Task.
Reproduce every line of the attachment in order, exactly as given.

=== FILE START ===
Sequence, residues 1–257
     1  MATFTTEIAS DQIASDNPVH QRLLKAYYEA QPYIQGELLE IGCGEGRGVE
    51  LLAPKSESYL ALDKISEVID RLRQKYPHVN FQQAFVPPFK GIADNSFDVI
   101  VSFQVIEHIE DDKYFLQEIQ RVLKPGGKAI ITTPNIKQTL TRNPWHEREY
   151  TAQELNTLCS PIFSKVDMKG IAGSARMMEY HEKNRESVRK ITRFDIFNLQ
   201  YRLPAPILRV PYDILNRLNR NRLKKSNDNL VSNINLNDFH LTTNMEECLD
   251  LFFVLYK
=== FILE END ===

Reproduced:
Sequence, residues 1–257
     1  MATFTTEIAS DQIASDNPVH QRLLKAYYEA QPYIQGELLE IGCGEGRGVE
    51  LLAPKSESYL ALDKISEVID RLRQKYPHVN FQQAFVPPFK GIADNSFDVI
   101  VSFQVIEHIE DDKYFLQEIQ RVLKPGGKAI ITTPNIKQTL TRNPWHEREY
   151  TAQELNTLCS PIFSKVDMKG IAGSARMMEY HEKNRESVRK ITRFDIFNLQ
   201  YRLPAPILRV PYDILNRLNR NRLKKSNDNL VSNINLNDFH LTTNMEECLD
   251  LFFVLYK